Some industries frown upon the use of negative lags or leads in a project schedule. For example, on some government contracts you may find language that prohibits negative lags or leads. In these cases, you often have little choice but to remove the leads from your schedule when putting together your baseline. But it just seems that your leads are a perfect fit for the activity relationships you are trying to describe. What do you do?
To clarify, lag is waiting time between the completion of a predecessor activity and the start of its successor activity. Negative lag, (a.k.a. lead) is the amount of time that a successor activity can start before the completion of a predecessor activity. Negative lag is discouraged by most scheduling guidelines. “The Negatives of Negative Lag” for a comprehensive discussion on why negative lag is discouraged. You will also find that the DCMA’s 14 point assessment ‘check # 2 – Leads’ will mark the presence of even one lead as a fail for the schedule.
Leads are typically used in Finish-to-Start (FS) activity relationships, Figure 1, to describe the start of a successor activity before the finish of a predecessor activity.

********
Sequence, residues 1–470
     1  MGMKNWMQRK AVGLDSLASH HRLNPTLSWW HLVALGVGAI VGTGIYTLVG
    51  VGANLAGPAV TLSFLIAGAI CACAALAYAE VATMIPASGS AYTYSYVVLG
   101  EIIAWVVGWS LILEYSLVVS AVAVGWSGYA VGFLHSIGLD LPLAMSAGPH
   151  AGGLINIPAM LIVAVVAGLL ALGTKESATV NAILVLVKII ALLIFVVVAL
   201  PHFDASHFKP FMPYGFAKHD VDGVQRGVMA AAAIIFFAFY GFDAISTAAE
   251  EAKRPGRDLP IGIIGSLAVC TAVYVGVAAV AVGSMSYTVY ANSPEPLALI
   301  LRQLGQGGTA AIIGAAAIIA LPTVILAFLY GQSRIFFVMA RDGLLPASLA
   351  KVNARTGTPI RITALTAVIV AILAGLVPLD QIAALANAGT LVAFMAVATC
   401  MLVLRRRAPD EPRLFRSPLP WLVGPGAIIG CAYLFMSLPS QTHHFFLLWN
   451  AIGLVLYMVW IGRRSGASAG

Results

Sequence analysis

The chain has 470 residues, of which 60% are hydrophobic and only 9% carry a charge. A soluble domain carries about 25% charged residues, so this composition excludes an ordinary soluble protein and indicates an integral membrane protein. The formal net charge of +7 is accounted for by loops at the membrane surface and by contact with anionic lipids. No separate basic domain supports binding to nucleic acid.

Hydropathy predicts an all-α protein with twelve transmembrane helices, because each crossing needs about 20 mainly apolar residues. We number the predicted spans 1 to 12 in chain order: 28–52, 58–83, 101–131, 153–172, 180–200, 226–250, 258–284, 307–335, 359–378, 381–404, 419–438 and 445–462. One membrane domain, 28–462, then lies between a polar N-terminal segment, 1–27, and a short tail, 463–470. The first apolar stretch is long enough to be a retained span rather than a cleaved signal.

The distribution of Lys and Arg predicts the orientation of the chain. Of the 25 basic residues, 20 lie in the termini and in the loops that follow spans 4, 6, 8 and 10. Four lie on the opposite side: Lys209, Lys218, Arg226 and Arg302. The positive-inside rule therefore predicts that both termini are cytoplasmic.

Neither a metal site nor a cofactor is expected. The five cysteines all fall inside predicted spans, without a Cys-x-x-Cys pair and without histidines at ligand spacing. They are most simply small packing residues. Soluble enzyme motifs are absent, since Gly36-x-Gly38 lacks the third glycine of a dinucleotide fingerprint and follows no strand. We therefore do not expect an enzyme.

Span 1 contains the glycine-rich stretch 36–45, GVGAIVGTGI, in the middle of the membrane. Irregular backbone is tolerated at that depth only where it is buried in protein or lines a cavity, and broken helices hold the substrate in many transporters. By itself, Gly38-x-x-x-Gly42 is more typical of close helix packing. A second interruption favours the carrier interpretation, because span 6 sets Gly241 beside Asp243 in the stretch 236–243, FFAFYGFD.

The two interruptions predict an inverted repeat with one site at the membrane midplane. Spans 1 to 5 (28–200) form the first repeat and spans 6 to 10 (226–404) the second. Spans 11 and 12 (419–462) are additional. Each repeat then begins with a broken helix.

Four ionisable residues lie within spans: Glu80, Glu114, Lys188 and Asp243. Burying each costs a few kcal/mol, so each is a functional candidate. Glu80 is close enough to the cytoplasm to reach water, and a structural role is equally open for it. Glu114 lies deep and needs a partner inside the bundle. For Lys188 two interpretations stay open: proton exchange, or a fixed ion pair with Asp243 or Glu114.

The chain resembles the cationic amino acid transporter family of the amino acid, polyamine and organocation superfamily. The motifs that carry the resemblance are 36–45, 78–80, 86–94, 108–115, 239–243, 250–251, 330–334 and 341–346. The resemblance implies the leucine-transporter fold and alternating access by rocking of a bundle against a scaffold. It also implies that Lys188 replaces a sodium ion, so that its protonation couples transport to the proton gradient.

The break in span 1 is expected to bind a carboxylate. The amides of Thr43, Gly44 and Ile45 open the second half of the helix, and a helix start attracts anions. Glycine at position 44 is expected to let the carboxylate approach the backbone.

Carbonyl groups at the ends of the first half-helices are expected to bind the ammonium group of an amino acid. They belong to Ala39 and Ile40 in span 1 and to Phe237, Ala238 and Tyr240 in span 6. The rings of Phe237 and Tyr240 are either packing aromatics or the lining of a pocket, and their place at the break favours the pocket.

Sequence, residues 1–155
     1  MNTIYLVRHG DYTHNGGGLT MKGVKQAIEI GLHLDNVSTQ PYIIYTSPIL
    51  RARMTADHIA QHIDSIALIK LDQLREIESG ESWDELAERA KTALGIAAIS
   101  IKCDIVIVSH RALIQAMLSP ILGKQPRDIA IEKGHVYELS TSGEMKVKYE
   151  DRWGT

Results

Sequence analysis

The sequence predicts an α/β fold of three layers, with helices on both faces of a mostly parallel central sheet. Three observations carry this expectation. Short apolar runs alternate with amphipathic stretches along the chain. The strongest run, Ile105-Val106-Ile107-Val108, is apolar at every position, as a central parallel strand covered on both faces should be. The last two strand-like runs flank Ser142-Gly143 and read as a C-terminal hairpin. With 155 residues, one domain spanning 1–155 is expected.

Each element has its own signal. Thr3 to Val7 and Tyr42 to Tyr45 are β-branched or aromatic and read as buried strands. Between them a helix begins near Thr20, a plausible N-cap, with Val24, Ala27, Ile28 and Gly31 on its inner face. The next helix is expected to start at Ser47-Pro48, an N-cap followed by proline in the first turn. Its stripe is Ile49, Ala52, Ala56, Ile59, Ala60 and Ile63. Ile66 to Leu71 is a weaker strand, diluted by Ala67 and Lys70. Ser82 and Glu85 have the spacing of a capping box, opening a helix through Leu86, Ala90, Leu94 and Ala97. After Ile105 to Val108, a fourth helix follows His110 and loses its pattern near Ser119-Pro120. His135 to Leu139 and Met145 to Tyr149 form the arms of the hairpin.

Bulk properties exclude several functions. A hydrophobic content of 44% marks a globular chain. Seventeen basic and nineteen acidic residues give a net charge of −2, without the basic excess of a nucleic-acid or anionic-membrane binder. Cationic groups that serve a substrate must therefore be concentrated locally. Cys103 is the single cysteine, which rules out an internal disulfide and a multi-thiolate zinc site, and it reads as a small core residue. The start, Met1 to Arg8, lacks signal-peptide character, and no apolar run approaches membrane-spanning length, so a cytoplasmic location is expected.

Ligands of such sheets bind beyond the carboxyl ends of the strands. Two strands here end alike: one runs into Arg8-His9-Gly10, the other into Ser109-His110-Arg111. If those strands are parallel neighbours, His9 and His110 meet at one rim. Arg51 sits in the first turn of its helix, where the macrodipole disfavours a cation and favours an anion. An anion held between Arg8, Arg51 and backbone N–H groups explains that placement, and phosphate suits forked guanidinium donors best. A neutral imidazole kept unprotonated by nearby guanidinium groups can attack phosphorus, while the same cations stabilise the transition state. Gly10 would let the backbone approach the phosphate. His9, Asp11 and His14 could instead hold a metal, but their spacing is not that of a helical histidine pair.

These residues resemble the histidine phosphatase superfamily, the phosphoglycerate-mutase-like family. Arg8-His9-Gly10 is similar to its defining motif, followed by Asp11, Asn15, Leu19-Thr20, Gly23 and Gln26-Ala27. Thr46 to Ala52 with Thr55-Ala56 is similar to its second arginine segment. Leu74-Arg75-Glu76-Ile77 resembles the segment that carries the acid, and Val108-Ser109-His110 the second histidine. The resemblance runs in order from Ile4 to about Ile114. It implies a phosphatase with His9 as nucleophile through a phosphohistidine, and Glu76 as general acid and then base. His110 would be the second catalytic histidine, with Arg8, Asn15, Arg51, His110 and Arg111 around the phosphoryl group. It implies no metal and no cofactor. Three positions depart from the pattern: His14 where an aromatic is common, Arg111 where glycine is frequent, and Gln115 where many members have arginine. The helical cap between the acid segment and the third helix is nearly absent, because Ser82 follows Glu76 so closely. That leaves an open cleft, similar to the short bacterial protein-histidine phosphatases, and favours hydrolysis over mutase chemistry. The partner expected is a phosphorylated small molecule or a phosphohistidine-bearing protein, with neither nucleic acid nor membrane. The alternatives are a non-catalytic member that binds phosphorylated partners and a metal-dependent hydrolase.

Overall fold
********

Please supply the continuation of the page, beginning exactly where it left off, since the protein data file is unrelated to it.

In these cases the FS dependency between the two activities is not “hard”, so you can actually commence the successor a period of time before the completion of the predecessor. However, leads are confusing and discouraged, and alternatives exist for scheduling the project without leads.
This article demonstrates a typical use of leads in schedules and how to model alternative relationships to remove the leads and maintain an appropriate description of the work.
Please note that this is just one suggested technique and example for lead removal. Ultimately every situation and schedule is unique and it will be your best judgement as to how to model logic in alternative ways to avoid using leads.
In Figure 2 we have a Manufacture and Installation project schedule.
This schedule uses a lead to describe the FS relationship between ‘Receive Equipment on Site’ (predecessor) and ‘Mobilize on Site’ (successor), Figure 3.